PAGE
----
Parsons is Elwood P. Dowd, a man whose best friend is a 6' 3½" rabbit named Harvey that only he can see. He’s a pooka actually, “a fairy spirit in animal form, always very large” according to the script. Elwood makes it a point of introducing Harvey to everyone he meets.
Elwood’s sister, Veta, played to divine perfection by Ms. Hecht, and her daughter, played by Tracee Chimo are staying with Elwood in his lovely Victorian home (an applause-inducing set by David Rockwell). Both mother and daughter are social climbers who are mortified by Elwood's behavior and the effect that it has on their ability to gain a leg up the ladder of high society.
Veta attempts to have Elwood committed to an asylum, “Chumley’s Rest.” However, after admitting to occasionally having seen Harvey herself, she gets committed while Elwood wanders off looking for the illusory hare. Charles Kimbrough is Dr. William Chumley, the doctor who runs the asylum. After discovering that Elwood has wandered off, a chase ensues to capture him. All of this is lost on the unflappable chap as he returns to the asylum looking for Harvey.
The doctor is about to give him an injection of a drug that will no longer let his mind conjure up his imaginary friend. The cab driver that brought them to the asylum, and who has been patiently waiting downstairs for his fare, tells of the patients he's brought back into town after treatment with this drug. He says after the treatment they are “gonna be a perfectly normal human being and you know what bastards they are!”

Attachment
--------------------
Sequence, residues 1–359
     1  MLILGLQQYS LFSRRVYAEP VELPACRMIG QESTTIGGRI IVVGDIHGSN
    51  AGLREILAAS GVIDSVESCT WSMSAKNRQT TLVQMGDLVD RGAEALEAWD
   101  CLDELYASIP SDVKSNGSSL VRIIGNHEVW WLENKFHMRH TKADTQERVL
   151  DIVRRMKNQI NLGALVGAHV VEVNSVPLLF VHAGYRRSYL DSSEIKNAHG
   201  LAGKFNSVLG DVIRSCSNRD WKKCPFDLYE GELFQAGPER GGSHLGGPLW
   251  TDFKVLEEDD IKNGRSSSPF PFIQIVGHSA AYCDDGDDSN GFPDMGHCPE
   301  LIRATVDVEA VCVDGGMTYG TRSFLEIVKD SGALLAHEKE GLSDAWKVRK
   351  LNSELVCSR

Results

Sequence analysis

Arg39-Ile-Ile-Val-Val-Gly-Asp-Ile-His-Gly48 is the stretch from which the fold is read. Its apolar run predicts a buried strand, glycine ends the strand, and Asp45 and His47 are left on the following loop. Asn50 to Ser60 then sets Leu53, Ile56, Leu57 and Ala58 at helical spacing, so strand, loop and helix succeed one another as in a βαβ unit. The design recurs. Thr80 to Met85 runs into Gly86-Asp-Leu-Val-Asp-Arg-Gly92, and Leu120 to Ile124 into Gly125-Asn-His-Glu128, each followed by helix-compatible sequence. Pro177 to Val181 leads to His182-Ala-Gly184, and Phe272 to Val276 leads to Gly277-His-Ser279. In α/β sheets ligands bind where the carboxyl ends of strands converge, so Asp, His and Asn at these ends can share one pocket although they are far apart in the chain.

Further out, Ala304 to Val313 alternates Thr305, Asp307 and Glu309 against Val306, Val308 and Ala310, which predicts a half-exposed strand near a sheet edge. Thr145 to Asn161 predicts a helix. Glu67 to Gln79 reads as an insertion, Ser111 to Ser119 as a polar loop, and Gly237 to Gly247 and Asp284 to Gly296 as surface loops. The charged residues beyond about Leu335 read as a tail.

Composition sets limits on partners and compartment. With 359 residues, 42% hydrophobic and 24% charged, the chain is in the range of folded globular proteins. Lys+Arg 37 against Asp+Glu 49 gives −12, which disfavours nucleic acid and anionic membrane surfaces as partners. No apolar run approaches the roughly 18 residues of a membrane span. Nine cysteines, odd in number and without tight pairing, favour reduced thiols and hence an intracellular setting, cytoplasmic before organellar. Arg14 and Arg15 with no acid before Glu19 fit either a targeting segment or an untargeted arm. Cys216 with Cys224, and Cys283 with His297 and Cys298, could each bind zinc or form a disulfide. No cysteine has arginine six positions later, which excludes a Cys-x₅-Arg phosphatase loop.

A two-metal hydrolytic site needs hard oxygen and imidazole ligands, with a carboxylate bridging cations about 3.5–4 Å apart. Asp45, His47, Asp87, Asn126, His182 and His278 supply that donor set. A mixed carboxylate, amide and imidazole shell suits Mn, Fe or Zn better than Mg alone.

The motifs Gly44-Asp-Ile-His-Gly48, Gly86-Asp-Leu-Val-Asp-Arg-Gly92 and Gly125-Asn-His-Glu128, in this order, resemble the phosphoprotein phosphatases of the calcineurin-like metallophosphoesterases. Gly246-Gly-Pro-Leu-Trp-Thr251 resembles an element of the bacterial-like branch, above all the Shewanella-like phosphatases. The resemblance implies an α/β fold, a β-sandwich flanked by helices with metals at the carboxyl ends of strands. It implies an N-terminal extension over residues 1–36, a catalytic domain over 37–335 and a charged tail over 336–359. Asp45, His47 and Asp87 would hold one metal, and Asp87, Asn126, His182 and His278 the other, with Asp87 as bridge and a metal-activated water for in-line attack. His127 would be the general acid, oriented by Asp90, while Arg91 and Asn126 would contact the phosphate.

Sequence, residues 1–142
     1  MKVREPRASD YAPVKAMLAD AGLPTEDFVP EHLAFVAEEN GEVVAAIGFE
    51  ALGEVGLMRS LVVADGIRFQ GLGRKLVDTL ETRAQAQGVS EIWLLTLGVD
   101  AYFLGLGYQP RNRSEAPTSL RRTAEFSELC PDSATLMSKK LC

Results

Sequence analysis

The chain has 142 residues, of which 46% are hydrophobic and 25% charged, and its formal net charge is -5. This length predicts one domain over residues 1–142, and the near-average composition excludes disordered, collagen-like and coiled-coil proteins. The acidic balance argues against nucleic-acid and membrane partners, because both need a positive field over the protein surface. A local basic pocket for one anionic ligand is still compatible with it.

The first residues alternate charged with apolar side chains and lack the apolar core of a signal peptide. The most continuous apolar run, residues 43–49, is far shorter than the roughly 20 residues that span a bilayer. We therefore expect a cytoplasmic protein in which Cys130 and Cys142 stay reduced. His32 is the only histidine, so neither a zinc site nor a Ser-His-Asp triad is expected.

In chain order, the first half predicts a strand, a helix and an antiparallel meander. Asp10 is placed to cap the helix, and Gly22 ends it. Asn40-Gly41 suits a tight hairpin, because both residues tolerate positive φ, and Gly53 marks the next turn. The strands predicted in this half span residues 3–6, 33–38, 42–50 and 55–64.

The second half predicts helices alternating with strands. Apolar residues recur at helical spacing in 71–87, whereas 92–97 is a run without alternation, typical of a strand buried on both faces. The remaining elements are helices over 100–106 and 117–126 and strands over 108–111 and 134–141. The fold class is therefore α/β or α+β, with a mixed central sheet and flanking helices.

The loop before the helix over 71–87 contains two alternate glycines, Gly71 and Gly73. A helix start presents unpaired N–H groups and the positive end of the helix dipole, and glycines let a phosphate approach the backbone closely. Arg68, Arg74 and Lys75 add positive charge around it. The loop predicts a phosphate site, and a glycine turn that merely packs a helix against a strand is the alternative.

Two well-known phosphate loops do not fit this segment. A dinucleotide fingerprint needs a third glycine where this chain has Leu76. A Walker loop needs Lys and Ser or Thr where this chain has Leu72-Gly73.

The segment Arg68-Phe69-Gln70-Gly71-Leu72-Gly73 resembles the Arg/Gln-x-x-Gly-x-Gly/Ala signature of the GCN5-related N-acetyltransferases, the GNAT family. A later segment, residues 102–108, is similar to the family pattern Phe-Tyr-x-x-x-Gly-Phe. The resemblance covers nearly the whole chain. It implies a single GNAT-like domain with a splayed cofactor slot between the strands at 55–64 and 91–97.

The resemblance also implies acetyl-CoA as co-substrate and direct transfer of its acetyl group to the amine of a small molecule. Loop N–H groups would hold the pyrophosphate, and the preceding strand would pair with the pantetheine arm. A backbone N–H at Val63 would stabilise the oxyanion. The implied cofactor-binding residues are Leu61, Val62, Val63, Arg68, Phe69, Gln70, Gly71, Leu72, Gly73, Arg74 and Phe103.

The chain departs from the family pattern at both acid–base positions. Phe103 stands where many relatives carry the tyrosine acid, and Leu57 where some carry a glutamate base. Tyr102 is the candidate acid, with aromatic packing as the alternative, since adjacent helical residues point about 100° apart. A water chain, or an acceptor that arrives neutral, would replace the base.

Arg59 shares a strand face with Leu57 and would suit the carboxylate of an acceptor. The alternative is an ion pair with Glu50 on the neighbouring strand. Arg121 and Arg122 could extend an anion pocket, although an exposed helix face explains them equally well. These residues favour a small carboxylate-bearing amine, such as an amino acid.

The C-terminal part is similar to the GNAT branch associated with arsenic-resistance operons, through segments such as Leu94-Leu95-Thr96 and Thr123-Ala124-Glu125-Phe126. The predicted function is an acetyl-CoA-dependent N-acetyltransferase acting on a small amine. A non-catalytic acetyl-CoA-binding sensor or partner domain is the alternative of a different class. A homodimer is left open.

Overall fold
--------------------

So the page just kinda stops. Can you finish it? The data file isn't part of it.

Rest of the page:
Veta decides to not give Elwood the shot and all’s well that ends well. Veta even invites Harvey along at the end as they all go back to the Victorian mansion to live happily ever after.
Parsons is particularly adept at the physicality of interacting with an imaginary rabbit; the way he steps out of the way to let Harvey by (and admonishes others to) and the way his eyes follow Harvey, you know Parsons sees this rabbit.
Ms. Hecht is particularly funny in her role as Elwood’s confused sister, Veta. Watching her break down at the top of act two when she has just returned from the asylum, after being manhandled and having had her clothes ripped off of her by an orderly (Rich Sommer), she had the audience in stitches.
Nobody does “buttoned up” and “up tight” better than Mr. Kimbrough. If you ever watched “Murphy Browne” back in the late eighties and much of the nineties, you will recognize him as the fuss-pot news anchor, Jim Dial. Kimbrough is especially funny when he loses that control and becomes completely flummoxed, having his own breakdown. He begins to see Harvey and believes he is being chased by him.
Everyone’s favorite loon, Carol Kane makes an all-too-brief appearance as Dr. Chumley's wife, Betty. She only has one scene but makes the most of it as she is taken in by Elwood's charms. Veteran actor Larry Bryggman is Judge Omar Gaffney, Mr. Dowd’s legal representative.
Considering that Harvey was written in 1944, the play never feels dated. Director Scott Ellis gives us a fresh-eyed look at this comic chestnut. While Harvey isn’t particularly deep, this first-class production will give you a hearty laugh and make you wish you had your own pooka.